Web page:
Difference Between Conductive, Dissipative, Insulative and Antistatic



For ESD control purposes, materials are classified by how quickly electricity moves through the material. The speed is referred to as the “resistance” of the material i.e.  how strongly the material resists charge movement.

The speed is measured in Ohms and is typically displayed in powers of 10 (example 10^3). The lower the number, the more conductive the material and may be considered “Antistatic”.

ClassificationCharge MovementResistanceOhmsIs it Antistatic?
ConductiveVery FastLow Resistance10^3 - 10^ 5Yes
DissipativeAt a controlled speed. Fast but Slower than ConductiveMedium Resistance10^6 - 10^ 10Yes
InsulativeSlow or No MovementHigh Resistance10^11 - 10^ 12No

The following ranges and definitions are found in ESD Association or EIA standards publications:

Conductive materials: With a low electrical resistance, electrons flow easily across the surface or through the bulk of these materials. Charges go to ground or to another conductive object that the material contacts or comes close to. Conductive materials have a surface resistivity less than 1 x 10^5 Ω/sq or a volume resistivity less than 1 x 10^4 Ω-cm.  Conductive materials are classified “Antistatic”.

Dissipative materials: For these materials, the charges flow through the material slowly and in a somewhat more controlled manner than with conductive materials. Dissipative materials have a surface resistivity equal to or greater than 1 x 10^5 Ω/sq but less than 1 x 10^12 Ω/sq or a volume resistivity equal to or greater than 1 x 10^4 Ω-cm but less than 1 x 10^11 Ω-cm.2.  Dissipative materials are classified “Antistatic” and are considered to be the ideal range for ESD materials.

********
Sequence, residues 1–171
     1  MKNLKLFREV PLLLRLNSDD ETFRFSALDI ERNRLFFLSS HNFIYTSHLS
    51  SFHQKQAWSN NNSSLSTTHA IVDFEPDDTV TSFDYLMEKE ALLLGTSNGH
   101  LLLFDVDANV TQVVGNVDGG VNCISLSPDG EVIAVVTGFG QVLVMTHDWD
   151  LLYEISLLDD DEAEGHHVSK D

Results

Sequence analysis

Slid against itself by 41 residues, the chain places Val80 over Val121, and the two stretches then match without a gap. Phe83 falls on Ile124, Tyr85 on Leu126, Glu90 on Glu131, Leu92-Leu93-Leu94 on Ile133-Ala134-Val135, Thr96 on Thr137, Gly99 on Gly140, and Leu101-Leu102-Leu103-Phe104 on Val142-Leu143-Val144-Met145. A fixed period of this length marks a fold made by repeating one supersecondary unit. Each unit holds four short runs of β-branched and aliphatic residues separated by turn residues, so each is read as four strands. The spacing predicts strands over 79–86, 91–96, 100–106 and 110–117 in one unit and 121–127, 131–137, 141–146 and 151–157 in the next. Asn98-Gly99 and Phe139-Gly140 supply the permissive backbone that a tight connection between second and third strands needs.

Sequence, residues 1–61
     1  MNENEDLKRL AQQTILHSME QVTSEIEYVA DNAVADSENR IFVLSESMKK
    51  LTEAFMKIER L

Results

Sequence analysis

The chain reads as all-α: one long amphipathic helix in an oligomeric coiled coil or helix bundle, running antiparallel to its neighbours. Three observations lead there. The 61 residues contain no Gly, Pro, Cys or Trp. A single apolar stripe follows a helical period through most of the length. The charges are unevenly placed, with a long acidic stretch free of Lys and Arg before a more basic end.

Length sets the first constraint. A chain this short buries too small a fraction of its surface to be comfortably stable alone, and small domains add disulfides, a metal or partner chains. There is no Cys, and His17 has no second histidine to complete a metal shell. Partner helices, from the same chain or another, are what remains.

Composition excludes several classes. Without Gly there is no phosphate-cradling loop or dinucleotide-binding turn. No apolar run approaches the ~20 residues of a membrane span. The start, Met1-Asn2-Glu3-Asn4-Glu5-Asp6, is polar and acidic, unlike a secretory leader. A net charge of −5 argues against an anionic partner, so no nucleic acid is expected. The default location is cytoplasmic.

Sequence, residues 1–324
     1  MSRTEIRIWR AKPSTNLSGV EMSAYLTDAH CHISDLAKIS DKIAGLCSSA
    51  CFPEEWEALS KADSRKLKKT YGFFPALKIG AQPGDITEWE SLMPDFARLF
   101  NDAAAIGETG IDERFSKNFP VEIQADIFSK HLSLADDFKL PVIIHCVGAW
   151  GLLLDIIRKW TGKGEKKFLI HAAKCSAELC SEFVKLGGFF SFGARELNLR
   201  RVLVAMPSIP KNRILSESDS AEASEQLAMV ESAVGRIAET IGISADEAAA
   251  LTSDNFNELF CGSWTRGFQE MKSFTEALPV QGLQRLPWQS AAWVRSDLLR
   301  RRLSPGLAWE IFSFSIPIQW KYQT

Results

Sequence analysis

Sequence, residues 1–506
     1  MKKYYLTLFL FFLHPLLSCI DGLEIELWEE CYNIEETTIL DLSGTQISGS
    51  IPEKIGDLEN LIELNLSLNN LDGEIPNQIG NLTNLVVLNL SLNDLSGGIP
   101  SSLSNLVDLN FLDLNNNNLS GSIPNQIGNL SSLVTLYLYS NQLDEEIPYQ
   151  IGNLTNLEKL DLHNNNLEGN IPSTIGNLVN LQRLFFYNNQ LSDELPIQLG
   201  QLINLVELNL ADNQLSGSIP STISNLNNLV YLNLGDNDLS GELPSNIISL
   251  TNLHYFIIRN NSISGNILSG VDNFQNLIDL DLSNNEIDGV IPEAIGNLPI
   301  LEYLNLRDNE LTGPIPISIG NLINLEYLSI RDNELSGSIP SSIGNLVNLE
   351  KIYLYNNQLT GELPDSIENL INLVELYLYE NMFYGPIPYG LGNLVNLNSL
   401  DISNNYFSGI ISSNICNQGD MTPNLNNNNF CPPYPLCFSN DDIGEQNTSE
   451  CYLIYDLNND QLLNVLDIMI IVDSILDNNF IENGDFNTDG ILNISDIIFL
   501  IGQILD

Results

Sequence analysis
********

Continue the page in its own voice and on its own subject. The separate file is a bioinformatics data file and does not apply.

Insulative materials: Insulative materials prevent or limit the flow of electrons across their surface or through their volume. Insulative materials have a high electrical resistance and are difficult to ground. Static charges remain in place on these materials for a very long time. Insulative materials are defined as those having a surface resistivity of at least 1 x 10^12 Ω/sq or a volume resistivity of at least 1 x 10^11 Ω-cm.  Insulative materials are not classified as “Antistatic”.

Anti-Static: Is a term used to describe materials that prevent the buildup of static electricity. Both conductive and dissipative materials are classified as Antistatic.  Insulative materials are not.

How to Measure Surface Resistivity
The SRM200 Surface Resistance Meter is an easy to use tester for measuring surface resistivity. This SRM200 uses parallel electrodes on the back of the meter to accurately measure RTT, RTG, or resistivity for periodic verification, factory audits or test lab evaluation of a product.

This meter is designed to be used in all facets of material production including engineering, maintenance, quality control, incoming inspection, manufacturing, research, or sales departments for the testing of anti-static mats, floor finishes, paints, wrist straps, smocks, footwear, bags and containers.

The SRM200 meets periodic test requirements per Compliance Verification ESD TR53 and conforms to ANSI/EOS/ESD (S4.1, S7.1, S12.1, S2.1).